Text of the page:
Case Competitions in Business Schools
Before joining a B-school, I had read somewhere (probably on this forum itself) that B-school competitions are tough to crack and people ought to respect those who do. Not fully understanding the nuances of the statement, it was last December that I got into a team of three and participated in what was to become the first of many case study competitions. And today I can proudly say that these competitions have been much more than an integral part of my two years of pursuing an MBA degree. If I were to enumerate the benefits that I have received from participating in these case studies, then they would be as follows:-
• Most of the cases that the companies float as competitions are real-world problems that either they are currently facing or have faced in the past and think that they might recur again. So attempting to solve these cases, gives you an understanding the industry, the firm, its business model, its revenue model, who its competitors are, etc. Most of the times, the cases contain information that is otherwise classified and not available on public forums, and hence, serve as invaluable insights into the company. But care must be taken that such information should not be used loosely.
• Management education has a lot to do with peer-learning. It is not possible to learn all that you can only in the classes and on top of that, the duration of the programme is a mere two years. Hence, these case competitions serve as excellent means of learning from students from other B-schools. It might often happen that when some other team is presenting their analysis, you chance upon a model or a framework that might be helpful going forward – or they might have analysed the case in a completely different yet logical manner and you gain a different perspective altogether.
• Generally, these competitions require the participants to submit their solutions either in the form of a Powerpoint presentation or a report or both. Therefore, the more you participate, the more adept you become in making slides and/or reports in Microsoft Word. The research that one does simply to gain insights into how consultants and the likes make their slides, becomes extremely helpful going forward. You can also develop your signature style of making presentation decks. It also gives you an excellent opportunity to learn the different tools and techniques in Microsoft Office.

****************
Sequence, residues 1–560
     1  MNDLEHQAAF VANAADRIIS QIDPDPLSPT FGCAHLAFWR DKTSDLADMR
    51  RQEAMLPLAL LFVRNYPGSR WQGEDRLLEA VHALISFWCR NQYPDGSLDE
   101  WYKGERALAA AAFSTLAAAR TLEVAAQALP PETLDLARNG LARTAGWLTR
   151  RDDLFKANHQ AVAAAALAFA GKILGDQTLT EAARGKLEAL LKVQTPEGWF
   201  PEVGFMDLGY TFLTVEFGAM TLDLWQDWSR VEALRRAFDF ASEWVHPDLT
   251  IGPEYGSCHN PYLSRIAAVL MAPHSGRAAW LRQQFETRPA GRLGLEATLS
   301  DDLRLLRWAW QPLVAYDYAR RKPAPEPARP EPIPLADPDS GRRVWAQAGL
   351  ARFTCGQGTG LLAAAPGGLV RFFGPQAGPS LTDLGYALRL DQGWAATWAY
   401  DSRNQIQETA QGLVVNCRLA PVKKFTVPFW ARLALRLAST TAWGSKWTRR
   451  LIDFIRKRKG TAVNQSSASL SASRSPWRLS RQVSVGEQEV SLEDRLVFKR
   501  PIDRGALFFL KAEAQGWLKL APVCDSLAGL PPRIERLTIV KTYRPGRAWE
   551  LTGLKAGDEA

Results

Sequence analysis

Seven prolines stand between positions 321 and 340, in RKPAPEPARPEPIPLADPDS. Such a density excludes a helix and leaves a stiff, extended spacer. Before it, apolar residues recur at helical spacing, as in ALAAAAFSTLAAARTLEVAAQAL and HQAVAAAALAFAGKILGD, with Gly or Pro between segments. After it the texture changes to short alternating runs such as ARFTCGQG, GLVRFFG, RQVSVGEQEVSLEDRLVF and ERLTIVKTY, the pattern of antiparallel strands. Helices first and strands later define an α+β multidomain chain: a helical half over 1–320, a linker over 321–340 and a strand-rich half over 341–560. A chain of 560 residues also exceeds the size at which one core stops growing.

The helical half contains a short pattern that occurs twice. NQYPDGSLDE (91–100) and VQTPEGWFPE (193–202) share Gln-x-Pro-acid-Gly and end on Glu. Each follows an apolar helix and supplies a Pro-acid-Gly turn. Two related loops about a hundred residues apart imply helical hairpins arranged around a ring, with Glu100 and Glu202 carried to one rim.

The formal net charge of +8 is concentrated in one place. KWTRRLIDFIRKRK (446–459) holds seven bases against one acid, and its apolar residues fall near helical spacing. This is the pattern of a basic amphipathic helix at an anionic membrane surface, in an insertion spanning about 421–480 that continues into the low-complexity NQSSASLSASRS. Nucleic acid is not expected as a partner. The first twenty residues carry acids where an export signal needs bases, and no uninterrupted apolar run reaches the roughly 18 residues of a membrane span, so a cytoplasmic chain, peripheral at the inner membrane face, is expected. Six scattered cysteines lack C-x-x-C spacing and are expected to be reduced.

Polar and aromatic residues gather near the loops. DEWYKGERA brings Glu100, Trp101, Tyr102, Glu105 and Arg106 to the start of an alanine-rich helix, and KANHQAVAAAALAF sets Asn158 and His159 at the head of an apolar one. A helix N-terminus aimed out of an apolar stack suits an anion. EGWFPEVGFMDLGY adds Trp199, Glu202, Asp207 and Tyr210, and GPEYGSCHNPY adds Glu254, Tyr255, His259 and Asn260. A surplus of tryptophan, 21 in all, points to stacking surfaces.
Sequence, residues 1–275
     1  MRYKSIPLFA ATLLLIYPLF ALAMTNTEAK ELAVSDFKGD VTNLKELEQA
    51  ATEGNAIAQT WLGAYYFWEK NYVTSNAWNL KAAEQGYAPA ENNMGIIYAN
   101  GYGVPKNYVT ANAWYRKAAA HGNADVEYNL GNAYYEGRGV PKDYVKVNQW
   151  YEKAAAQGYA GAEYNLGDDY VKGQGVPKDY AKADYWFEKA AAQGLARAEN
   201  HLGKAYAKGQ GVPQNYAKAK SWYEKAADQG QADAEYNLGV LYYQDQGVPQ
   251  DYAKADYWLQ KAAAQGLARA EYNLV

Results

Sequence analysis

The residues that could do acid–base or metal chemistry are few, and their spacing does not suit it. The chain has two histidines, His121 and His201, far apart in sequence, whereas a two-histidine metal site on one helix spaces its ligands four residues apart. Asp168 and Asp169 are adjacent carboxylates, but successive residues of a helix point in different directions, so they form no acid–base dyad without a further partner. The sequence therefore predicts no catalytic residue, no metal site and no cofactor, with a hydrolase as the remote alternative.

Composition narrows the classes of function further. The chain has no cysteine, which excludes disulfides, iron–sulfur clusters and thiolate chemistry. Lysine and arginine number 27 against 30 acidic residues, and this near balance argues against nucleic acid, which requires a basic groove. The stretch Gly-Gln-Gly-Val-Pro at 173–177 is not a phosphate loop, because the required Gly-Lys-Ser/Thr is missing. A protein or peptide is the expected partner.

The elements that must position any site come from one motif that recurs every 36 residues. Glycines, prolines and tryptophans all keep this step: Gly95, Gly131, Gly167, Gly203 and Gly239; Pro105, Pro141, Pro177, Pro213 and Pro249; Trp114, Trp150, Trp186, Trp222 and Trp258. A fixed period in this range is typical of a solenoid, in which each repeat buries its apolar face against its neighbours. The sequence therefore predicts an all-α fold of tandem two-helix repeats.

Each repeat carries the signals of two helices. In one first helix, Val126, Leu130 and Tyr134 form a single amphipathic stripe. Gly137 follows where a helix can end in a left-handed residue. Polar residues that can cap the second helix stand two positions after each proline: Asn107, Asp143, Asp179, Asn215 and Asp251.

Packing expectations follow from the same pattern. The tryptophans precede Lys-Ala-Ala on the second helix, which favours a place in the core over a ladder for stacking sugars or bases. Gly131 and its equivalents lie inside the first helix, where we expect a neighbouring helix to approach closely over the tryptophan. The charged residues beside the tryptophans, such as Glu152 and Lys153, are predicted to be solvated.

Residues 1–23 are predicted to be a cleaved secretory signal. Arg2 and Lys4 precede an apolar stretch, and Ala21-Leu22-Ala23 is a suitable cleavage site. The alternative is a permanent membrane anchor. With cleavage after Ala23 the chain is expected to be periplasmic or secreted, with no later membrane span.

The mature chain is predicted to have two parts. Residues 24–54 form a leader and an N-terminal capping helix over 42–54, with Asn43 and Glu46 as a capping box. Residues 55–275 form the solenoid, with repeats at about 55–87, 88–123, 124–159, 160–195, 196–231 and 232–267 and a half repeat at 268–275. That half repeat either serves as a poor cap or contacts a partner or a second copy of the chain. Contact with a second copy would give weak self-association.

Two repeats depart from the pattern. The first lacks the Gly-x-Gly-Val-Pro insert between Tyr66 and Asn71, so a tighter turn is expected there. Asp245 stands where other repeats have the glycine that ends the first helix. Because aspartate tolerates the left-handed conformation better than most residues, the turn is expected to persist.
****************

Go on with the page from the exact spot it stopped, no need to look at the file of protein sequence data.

• It might so happen that your expertise lies in Marketing, while others in your team might have their focus areas as Finance or Operations. Now since the solutions to the cases more often than not entails concepts from different disciplines of management, you get to learn from them as much as they get to learn from you – and all this happens without requiring any of you to pore over big bulky books or go through open-ended Internet sources. The secret to success here is to maximise the overall output of the team as a whole because you would not be judged as individuals.
• Once you are in a B-school, you are bound to be bitten by the placement bug – be it your Summer Internships or your Final Placements. CVs are the primary keys to shortlists and string resume points are quintessential in order to make you stand out from the rest. These case competitions are one of the best ways to fill up your CVs. Not only are most of them sponsored by well-known companies (many of which actually turn up in your campuses for recruitment), but also they are conducted on a national level which makes them all the more prestigious. But the only disclaimer is that you need to either come 1st, 2nd. Or 3rd in them in order to create the impact that you intend to. Merely participating in them might fall flat on your resumes. However, unless you participate, there is no chance that you can win – hence, enthusiasm is what matters!
• Lastly, almost all B-school case study competitions are well-funded and have quite a bounty up for grabs if you crack them successfully. And who on this beautiful planet does not love to earn a little extra while still pursuing an education! This serves as a wonderful motivation for putting on our thinking caps and coming up with break-through recommendations in order to resolve the companies’ issues!
I am not saying that this list is exhaustive. Many others might perceive these competitions differently, while there might also be people who consider them to be nothing more than distractions in their MBA life. There is nothing right or wrong about them. But people who have voluntarily participated in such competitions and have enjoyed them, would identify with the high that you get while presenting your analysis before a panel comprising the company’s top management. It does not take much to form a team of three, register, and give it a shot – at the end of the day, there is truly nothing to lose!